Then there is the ‘you all need to knowster’. This form of bubblist often has their eyes open and can see the human beings coming. However they insist on sharing their telephone conversation with everyone on the bus, the train, in the restaurant or simply passing in the street. They are hands free. Their conversation deserves to be shared with us all. That’s how important they are. How ‘need to know’the topic is. Meanwhile non-bubblist human beings have to accept that their thinking, reading, private moments are to be disturbed by the ‘need to knowster’s need to share.

Whatever happened to simple respect for another human being?

Come on bubblists, look up, smile, speak, step aside. Open a door for, say hello to… a fellow human being. You once were one.

 

pause thoughtfully

image

On the bus the other day, we stopped briefly outside a car dealership on Park Lane. Applied to the window were various graphics declaring “Coming soon… The Mini Gentleman’s Collection”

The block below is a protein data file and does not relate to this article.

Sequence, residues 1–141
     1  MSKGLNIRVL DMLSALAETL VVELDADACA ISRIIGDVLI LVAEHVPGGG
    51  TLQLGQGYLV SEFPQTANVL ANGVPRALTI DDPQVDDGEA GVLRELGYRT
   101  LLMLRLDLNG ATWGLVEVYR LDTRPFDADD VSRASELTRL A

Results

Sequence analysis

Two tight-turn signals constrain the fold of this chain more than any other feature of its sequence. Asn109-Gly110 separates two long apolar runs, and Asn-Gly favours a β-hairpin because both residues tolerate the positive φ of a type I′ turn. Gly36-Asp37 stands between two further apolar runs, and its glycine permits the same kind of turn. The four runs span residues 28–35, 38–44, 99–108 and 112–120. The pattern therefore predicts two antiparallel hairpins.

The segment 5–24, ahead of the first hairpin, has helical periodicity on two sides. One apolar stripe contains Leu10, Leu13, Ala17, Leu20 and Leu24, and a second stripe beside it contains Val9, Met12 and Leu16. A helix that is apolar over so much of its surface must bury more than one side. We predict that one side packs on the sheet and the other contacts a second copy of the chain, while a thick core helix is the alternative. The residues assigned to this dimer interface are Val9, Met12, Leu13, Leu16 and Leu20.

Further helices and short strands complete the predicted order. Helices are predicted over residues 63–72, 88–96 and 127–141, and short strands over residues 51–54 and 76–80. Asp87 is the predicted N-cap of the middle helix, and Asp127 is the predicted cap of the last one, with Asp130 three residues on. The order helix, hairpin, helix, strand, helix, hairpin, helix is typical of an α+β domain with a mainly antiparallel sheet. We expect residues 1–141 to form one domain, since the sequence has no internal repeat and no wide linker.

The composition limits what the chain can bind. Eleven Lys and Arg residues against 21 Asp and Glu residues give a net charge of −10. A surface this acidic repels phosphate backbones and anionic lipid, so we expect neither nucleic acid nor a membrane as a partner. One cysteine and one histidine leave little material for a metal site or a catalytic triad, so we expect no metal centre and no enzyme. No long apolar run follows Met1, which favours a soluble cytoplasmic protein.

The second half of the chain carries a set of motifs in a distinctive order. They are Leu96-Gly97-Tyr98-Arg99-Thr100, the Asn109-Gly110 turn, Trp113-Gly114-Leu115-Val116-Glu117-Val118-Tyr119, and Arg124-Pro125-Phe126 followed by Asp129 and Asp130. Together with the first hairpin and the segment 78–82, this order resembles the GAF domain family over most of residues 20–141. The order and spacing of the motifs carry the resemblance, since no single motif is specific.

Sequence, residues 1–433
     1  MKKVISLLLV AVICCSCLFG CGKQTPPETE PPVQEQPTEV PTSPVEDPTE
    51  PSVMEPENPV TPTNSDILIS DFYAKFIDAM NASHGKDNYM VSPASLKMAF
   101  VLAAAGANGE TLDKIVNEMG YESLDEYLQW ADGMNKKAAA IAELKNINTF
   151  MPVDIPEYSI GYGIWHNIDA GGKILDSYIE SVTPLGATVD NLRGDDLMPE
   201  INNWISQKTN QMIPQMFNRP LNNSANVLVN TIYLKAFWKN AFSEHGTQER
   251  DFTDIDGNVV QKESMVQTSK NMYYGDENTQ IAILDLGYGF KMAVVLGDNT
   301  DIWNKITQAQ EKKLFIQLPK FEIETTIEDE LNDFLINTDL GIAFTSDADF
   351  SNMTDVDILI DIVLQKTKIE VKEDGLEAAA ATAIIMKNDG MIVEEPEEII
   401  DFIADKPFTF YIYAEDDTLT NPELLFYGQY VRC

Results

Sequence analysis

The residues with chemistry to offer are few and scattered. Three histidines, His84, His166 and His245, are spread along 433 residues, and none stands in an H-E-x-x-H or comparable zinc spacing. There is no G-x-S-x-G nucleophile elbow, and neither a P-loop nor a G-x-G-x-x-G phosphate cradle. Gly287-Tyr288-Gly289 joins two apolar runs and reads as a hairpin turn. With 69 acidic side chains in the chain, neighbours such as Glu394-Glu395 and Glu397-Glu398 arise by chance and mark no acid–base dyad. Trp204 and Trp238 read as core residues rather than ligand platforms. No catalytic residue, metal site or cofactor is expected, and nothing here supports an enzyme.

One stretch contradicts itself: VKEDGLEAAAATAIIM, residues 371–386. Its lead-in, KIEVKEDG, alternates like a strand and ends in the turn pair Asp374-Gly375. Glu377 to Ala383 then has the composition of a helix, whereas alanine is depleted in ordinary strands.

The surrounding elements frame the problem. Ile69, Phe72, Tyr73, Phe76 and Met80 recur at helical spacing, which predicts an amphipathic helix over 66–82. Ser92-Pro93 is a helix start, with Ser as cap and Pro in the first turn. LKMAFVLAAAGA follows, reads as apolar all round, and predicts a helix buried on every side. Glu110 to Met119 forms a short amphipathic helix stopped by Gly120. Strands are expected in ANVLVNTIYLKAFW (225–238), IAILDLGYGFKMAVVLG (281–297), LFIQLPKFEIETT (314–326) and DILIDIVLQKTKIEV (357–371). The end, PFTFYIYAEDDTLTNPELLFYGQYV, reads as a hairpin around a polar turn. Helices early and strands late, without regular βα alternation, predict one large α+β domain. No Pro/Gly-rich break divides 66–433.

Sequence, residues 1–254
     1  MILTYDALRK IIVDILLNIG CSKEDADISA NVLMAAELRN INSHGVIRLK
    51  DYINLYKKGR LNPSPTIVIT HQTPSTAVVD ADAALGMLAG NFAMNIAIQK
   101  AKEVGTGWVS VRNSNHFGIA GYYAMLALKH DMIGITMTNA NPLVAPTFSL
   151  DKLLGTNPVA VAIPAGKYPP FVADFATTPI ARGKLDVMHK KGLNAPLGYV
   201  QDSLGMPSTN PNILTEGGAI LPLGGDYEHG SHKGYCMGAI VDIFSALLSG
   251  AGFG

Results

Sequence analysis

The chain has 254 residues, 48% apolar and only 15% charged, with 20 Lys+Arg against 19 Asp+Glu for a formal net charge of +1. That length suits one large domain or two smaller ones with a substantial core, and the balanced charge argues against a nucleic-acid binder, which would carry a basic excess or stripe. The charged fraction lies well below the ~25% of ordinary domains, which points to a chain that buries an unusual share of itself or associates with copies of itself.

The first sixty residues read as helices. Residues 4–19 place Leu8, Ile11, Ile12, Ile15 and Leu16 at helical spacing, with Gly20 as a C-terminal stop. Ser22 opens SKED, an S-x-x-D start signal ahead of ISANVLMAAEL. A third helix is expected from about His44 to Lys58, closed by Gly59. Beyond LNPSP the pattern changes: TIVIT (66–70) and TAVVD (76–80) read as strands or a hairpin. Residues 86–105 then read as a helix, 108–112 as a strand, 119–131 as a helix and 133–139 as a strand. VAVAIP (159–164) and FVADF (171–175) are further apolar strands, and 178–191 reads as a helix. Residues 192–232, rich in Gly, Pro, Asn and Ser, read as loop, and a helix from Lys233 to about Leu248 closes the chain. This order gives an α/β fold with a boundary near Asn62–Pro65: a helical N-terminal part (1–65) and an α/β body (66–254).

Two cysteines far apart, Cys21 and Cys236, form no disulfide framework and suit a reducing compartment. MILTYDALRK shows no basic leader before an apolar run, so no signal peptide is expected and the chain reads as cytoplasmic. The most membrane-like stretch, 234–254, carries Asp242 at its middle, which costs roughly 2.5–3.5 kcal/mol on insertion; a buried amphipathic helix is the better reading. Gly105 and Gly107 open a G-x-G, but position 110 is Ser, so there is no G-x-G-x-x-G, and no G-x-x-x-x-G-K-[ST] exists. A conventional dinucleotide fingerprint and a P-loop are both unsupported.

Now I’m fairly average. Around six foot. Not tall, but not, I deem, a mini gentleman, so I assume this forthcoming collection isn’t for me?

I jest of course. Presumably the marketing refers to a new collection for men who drive the aforementioned motor car?

My point being, the pause matters, emphasis counts and, in this case, punctuation is crucial.

There is a fabulous book, by Lynne Truss, called “Eats, Shoots and Leaves”. Its purpose being to highlight the change in meaning that comes from incorrectly applied punctuation. I once sat in a hospital and observed a sign, directing me down the corridor to “Receptionist’s”. I wondered for a moment what possession of the said receptionist I might find should I follow the arrow? I have also driven past a pub, which had clearly invested in the metre high, six metre plasticised banner on its lawn, advising I should “Come in and meet are new management”. I didn’t, needless to say.